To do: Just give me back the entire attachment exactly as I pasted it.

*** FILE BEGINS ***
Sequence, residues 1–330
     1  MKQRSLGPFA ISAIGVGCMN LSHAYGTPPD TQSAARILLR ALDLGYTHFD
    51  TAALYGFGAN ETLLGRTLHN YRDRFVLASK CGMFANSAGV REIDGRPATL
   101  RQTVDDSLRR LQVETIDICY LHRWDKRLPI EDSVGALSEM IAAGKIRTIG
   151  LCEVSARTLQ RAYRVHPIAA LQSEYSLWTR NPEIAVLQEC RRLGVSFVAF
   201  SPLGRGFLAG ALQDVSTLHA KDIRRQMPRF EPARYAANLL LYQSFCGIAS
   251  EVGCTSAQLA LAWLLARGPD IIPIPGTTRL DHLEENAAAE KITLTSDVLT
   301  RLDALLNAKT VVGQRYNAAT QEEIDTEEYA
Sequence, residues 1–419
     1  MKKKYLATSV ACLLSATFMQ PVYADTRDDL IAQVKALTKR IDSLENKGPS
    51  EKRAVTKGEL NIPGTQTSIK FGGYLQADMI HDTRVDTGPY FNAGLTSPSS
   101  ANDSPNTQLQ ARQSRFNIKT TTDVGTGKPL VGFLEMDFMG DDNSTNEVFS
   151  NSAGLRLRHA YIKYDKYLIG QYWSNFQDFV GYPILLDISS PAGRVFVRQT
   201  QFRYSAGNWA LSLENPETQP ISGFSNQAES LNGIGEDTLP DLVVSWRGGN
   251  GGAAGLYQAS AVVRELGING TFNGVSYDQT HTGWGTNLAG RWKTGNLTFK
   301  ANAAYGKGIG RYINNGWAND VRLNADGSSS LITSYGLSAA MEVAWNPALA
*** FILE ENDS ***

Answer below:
Sequence, residues 1–330
     1  MKQRSLGPFA ISAIGVGCMN LSHAYGTPPD TQSAARILLR ALDLGYTHFD
    51  TAALYGFGAN ETLLGRTLHN YRDRFVLASK CGMFANSAGV REIDGRPATL
   101  RQTVDDSLRR LQVETIDICY LHRWDKRLPI EDSVGALSEM IAAGKIRTIG
   151  LCEVSARTLQ RAYRVHPIAA LQSEYSLWTR NPEIAVLQEC RRLGVSFVAF
   201  SPLGRGFLAG ALQDVSTLHA KDIRRQMPRF EPARYAANLL LYQSFCGIAS
   251  EVGCTSAQLA LAWLLARGPD IIPIPGTTRL DHLEENAAAE KITLTSDVLT
   301  RLDALLNAKT VVGQRYNAAT QEEIDTEEYA
Sequence, residues 1–419
     1  MKKKYLATSV ACLLSATFMQ PVYADTRDDL IAQVKALTKR IDSLENKGPS
    51  EKRAVTKGEL NIPGTQTSIK FGGYLQADMI HDTRVDTGPY FNAGLTSPSS
   101  ANDSPNTQLQ ARQSRFNIKT TTDVGTGKPL VGFLEMDFMG DDNSTNEVFS
   151  NSAGLRLRHA YIKYDKYLIG QYWSNFQDFV GYPILLDISS PAGRVFVRQT
   201  QFRYSAGNWA LSLENPETQP ISGFSNQAES LNGIGEDTLP DLVVSWRGGN
   251  GGAAGLYQAS AVVRELGING TFNGVSYDQT HTGWGTNLAG RWKTGNLTFK
   301  ANAAYGKGIG RYINNGWAND VRLNADGSSS LITSYGLSAA MEVAWNPALA